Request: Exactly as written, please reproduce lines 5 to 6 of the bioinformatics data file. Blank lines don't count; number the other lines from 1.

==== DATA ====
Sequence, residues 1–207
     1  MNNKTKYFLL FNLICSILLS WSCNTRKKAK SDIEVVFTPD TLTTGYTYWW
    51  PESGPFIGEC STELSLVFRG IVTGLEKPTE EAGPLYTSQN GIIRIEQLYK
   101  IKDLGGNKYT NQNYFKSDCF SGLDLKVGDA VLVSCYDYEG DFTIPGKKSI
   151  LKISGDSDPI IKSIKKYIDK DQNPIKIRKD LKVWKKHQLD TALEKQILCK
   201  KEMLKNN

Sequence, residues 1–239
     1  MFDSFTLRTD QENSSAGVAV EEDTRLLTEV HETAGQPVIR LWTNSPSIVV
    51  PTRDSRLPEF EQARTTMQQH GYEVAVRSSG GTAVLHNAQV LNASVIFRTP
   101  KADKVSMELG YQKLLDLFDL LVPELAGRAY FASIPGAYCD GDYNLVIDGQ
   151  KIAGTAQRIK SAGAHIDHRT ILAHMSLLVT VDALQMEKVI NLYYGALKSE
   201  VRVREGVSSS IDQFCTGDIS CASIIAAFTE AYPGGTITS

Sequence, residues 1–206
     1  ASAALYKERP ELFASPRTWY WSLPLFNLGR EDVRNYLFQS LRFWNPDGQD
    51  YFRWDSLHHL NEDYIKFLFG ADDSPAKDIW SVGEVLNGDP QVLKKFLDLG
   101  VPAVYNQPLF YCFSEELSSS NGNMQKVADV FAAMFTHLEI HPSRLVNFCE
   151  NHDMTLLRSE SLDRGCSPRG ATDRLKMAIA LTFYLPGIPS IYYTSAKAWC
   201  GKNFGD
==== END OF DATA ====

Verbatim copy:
   151  LKISGDSDPI IKSIKKYIDK DQNPIKIRKD LKVWKKHQLD TALEKQILCK
   201  KEMLKNN